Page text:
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Bowen v. Wilkie

United States District Court, D. Montana, Great Falls Division

July 3, 2019

ELIZABETH ANN BOWEN, Plaintiff,
v.
ROBERT WILKIE, Secretary of Veterans Affairs, Defendant.

          ORDER

          BRIAN MORRIS UNITED STATES DISTRICT COURT JUDGE.

         United States Magistrate Judge John Johnston entered Findings and Recommendations in this matter on April 17, 2019. (Doc. 33.) Judge Johnston recommended as follows: that the Court grant Defendant Robert Wilkie's Motion to Dismiss (Doc. 17); that the Court deny as moot Plaintiff Elizabeth Ann Bowen's Motion for Summary Judgment (Doc. 20); and that the Court dismiss without prejudice the instant action. (Doc. 33 at 6-7.) Bowen, proceeding pro se, timely objected to Judge Johnston's Findings and Recommendations on April 30, 2019. (Doc. 35.) Because the parties are familiar with the facts, the Court will not recite them here.

         Bowen seeks to have the Court reconsider Judge Johnston's Findings and Recommendations, and to have the Court grant an oral hearing so that Bowen can provide the Court with facts supporting the instant action. (Doc. 35 at 1.) Bowen supports her request by inquiring to Court as to how she is suppose to allege, in writing, the various instances of discrimination and harassment she faced throughout the course of her employment with the Veterans Affairs. Id. The questions that Bowen states in her objection provide the Court with an abundance of facts.

         The Court acknowledges that Bowen admittedly has failed to lodge proper objections to Judge Johnston's Findings and Recommendations. See Montana Shooting Sports Ass'n v. Holder, 2010 WL 4102940, at *2 (D. Mont. Oct. 18, 2010) (citation omitted). As a result, the Court ordinarily would review Bowen's objections for clear error. See McDonnell Douglas Corp. v. Commodore Bus. Mach., Inc., 656 F.2d 1309, 1313 (9th Cir. 1981). The facts that Bowen has provided in her objection, however, may have allowed the Court to reasonably infer that the misconduct that Bowen alleges occurred if Bowen had alleged these same facts in her amended complaint. The Court will recharacterize Bowen's objections, however, as a motion for leave to amend her complaint.

         The Court freely will give a moving party leave to amend “when justice so requires.” Fed.R.Civ.P. 15(a)(2). “Indeed, under Rule 15, leave to amend should be granted unless amendment would cause prejudice to the opposing party, is sought in bad faith, is futile, or creates undue delay.” United States v. Gila Valley Irrigation District, 859 F.3d 789, 804 (9th Cir. 2017). None of these factors support denying Bowen leave to file a second amended complaint in light of the factual allegations asserted as questions in Bowen's objections to Judge Johnston's Findings and Recommendations and in light of Bowen proceeding pro se. Bowen shall file a second amended complaint within 30 days of the date of this Order.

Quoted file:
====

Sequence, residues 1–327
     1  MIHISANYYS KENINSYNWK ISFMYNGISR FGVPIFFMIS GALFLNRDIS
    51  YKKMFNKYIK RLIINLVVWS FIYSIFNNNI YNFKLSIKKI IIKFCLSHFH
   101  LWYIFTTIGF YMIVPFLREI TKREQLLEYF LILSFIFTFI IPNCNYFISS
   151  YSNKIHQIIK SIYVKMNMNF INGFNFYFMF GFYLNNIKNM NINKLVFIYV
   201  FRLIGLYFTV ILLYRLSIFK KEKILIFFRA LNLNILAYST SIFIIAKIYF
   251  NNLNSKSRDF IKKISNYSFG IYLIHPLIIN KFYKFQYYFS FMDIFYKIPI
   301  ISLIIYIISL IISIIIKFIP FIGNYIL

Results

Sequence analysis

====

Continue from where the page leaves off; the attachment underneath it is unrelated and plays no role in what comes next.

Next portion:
The Court warns Bowen that her failure to plead sufficiently her causes of action in her second amended complaint will result in the Court dismissing her case. The Court will remind Bowen that she must comply fully with the requirements of Federal Rule of Civil Procedure 8(a) in order to plead sufficiently a cause of action. Rule 8(a) provides as follows:

(a) Claim for Relief. A pleading that state a claim for relief must contain:
(1) a short and plaint statement of the grounds for the court's jurisdiction, unless the court already has jurisdiction and the claim needs no new jurisdictional support;
(2) a short and plain statement of the claim showing that the pleader is entitled to relief; and
(3) A demand for the relief sought, which may include relief in the alternative or different types of relief.

Fed. R. Civ. P. 8(a).

         A short and plain statement for purposes of Rule 8(a)(2) “does not require detailed factual allegations, but it demands more than an unadorned, the defendant-unlawfully-harmed-me accusation.” Ashcroft v. Iqbal, 556 U.S. 662, 677-78 (2009) (internal quotations and citations omitted). Statements that act as “labels and conclusions” or otherwise constitute “a formulaic recitation of the elements of the cause of action” fail to suffice. Bell Atlantic Corp. v. Twombly, 550 U.S. 544, 555 (2007). Statements that constitute “naked assertion[s] devoid of further factual enhancement” likewise fail to suffice. Iqbal, 556 U.S. at 678 (internal quotations and citations omitted).

         In other words, Bowen must plead sufficient factual content that would allow the Court “to draw the reasonable inference that the defendant is liable for the misconduct alleged.” Id. (citation omitted). Bowen attempts to allege the conduct that could support the following ten causes of action in her amended complaint: (1) employment discrimination; (2) employment discrimination based on her race; (3) employment discrimination based on her national origin; (4) discrimination; (5) harassment; (6) hostile work environment; (7) retaliation; (8) a cause of action in violation of the Prohibited Employment Policies and Practices; (9) a cause of action in violation of the Age Discrimination in Employment Act of 1967; and (10) a cause of action based on the Americans with Disabilities Act of 1990. (Doc. 16 at 2.) The Court urges Bowen to consider narrowing the number of causes of action to reflect only those claims that the facts could support.

         Bowen must plead facts sufficient to allow the Court to draw reasonable inferences that each of these alleged cause of actions occurred. To do so, Bowen must determine whether she can allege facts to establish the elements necessary to prove each cause of action. Bowen must then tailor the alleged facts to the elements of each of her causes of action. The facts presented in ...


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